Inspiring Healthy Habits: Teaching Kids About Emotions

  Note: This blog is not medical advice and is for informational purposes only. For any specific recommendations, please refer to your child’s pediatrician or behavioral health professional.

When it comes to emotions, little kids go big. This can manifest as everything from an uncontrollable fit of laughter to a tyrannical tantrum, sometimes both in a matter of minutes. For parents and caregivers, teaching kids about emotions from a young age can instill enduring healthy habits around emotional awareness and regulation.

To help us navigate the high-highs and low-lows of kids’ emotions and identify some key tips on supporting their emotional wellness, we spoke with Leanne Spagnola, a licensed Marriage and Family Therapist, wellness consultant, and university professor.

Name the Feeling

Introduce feeling words as early as possible, Spagnola tells us. “This can be done well before little ones develop expressive language skills by teaching them signs for things like 'more' and 'hungry'.” Also, teaching kids to recognize feelings in others can be a very helpful tool, she says. “Use characters in books or tv shows, and other kids at the playground to help facilitate conversations. Try something like, ‘Look at Daniel Tiger, what do you think he is feeling?’”

Ensure Kids Feel Seen

Noticing and naming changes in your child’s facial expressions and body language can be very supportive for their emotional development, Spagnola shares. “If your child is frowning, you could say, ‘I see you are frowning—you often frown when you are sad. Did something make you sad?’" This helps create a safe space for kids to express their feelings.

Model Healthy Behaviors

Parents and caregivers can model emotional awareness and tools for self-regulation. “Narration can be a very effective tool,” Spagnola says. “If you’re frustrated, say something like, ‘Mommy is feeling frustrated. Mommy is going to take some deep breaths/drink water/go for a walk.’” Not only have you named the feeling, but also modeled a healthy self-regulation technique.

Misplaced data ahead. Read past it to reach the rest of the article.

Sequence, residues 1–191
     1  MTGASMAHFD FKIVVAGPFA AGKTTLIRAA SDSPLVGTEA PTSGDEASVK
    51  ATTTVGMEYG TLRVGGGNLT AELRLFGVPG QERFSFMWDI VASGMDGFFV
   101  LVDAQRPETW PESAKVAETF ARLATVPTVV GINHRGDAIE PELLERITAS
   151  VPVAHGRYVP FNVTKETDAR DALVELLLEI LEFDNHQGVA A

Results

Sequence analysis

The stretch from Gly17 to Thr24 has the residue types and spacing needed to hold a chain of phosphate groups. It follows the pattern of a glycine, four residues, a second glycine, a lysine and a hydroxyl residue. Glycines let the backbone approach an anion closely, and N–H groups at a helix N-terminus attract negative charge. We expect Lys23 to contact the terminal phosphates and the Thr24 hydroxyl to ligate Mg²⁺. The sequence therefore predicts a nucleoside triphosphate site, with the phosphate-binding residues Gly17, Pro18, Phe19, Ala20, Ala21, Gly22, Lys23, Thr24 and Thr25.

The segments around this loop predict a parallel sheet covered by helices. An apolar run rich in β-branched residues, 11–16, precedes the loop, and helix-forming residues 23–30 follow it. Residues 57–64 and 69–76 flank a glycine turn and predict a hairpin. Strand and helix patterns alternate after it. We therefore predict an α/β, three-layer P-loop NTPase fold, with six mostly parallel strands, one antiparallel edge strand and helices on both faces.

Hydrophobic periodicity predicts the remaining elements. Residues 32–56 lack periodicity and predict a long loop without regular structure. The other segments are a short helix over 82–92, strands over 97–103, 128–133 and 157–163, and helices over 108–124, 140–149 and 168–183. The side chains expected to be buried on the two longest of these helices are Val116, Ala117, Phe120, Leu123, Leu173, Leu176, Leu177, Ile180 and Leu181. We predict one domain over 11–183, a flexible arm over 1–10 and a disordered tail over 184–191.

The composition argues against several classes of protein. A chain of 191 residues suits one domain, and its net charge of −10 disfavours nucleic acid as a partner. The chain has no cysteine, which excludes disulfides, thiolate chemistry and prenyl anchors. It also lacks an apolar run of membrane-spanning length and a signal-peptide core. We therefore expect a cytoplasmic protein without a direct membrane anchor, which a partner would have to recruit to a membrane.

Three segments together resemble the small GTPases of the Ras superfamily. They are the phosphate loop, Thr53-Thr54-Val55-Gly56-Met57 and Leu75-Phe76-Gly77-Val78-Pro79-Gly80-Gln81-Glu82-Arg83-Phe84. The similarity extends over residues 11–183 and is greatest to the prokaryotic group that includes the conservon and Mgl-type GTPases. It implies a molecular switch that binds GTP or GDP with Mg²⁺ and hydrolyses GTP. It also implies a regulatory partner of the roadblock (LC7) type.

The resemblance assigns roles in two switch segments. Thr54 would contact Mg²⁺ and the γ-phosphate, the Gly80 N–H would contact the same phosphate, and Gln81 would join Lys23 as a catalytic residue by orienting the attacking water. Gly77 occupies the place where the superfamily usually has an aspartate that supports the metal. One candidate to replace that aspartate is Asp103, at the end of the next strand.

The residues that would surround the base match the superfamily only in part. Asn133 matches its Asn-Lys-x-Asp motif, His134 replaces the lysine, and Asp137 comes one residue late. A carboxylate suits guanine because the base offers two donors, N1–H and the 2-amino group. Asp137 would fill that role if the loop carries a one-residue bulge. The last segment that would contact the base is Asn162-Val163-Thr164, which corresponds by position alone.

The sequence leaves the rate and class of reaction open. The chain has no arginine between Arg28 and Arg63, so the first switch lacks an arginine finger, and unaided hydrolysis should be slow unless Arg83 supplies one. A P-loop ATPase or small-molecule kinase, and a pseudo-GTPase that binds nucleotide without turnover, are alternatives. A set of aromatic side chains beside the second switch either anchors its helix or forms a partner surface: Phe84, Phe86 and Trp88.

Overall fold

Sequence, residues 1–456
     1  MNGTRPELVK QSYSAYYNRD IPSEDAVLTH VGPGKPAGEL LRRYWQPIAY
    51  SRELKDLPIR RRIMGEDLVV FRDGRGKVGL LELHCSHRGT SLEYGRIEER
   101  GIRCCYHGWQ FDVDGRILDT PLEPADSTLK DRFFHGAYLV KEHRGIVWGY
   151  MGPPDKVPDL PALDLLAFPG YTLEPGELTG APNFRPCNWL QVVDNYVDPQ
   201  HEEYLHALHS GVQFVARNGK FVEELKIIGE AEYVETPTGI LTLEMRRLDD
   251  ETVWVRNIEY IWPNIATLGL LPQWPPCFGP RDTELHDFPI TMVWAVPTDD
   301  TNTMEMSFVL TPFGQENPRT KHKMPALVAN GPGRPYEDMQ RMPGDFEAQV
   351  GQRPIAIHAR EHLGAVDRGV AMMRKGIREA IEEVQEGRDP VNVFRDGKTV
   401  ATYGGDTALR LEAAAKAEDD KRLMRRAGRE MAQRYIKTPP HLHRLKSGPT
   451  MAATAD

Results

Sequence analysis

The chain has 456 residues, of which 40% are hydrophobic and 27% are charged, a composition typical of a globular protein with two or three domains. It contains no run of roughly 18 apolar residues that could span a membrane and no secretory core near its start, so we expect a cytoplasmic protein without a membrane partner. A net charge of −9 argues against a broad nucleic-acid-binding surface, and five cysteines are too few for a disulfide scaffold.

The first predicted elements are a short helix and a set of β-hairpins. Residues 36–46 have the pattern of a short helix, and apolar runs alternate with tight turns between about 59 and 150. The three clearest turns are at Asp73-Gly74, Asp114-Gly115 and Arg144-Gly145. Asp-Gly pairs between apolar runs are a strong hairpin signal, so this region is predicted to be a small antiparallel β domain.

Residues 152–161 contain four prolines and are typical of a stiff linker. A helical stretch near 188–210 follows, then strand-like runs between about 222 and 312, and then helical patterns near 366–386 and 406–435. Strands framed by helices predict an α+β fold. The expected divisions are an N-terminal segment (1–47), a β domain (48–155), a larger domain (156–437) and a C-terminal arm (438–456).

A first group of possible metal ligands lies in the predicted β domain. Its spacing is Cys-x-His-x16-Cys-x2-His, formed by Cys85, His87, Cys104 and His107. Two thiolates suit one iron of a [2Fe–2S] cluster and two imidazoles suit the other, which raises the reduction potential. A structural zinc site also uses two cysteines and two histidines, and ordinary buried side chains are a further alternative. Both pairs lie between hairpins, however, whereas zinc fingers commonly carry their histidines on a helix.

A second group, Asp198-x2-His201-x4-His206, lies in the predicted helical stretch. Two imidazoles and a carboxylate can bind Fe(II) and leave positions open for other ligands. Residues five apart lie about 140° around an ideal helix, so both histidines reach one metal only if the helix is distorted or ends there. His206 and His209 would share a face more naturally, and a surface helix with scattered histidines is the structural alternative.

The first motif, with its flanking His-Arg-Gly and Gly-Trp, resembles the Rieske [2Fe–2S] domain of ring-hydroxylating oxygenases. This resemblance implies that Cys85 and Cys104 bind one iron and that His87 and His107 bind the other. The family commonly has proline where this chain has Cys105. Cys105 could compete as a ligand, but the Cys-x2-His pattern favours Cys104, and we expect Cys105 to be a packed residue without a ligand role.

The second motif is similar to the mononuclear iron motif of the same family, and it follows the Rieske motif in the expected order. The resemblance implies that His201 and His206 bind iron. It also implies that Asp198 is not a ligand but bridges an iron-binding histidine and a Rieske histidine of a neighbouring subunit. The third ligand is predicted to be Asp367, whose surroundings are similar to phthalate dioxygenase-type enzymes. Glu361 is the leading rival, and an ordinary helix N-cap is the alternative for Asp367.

Provide Safe Alternatives

Big feelings can come with big reactions. “It’s helpful to have lots of tools on hand,” Spagnola tells us. “Pillows, pinwheels, fidget toys, balls, calming corners/cozy tents” can provide safe alternatives to potentially harmful behavior. Try something like, ‘You are angry. You cannot kick daddy when you’re angry, but you can kick the ball.’” These tools help encourage and empower your child to express themselves in a safe way.

Use Interactive Visuals

Charts can be a great tool for supporting emotional awareness. Try a feelings chart where kids can indicate how they are feeling, or a choice chart where they can reference their options when they are having big feelings, then make a choice. “The fact that these charts are interactive means kids can use them independently,” Spagnola says, “which will empower them and reinforce the fact that regulating themselves is within their control.”

Teaching kids about emotions is about encouraging emotional awareness and empowering self-expression—one big feeling at a time. 

Additional Resources

Parenting is an emotional rollercoaster, but you’re not on this ride alone. There are lots of amazing resources—run by professionals—who offer advice, guidance, and support through every steep drop, severe turn, and sudden loop-the-loop. Here are some we love:

  • Slumberkins provides books, affirmations, and toys to support kids’ emotions and emotional growth
  • Little Otter Health is a platform supporting wellness for kids through mental health care and guidance for families
  • The Calm app has a section for kids with stories, meditations, lullabies, and much more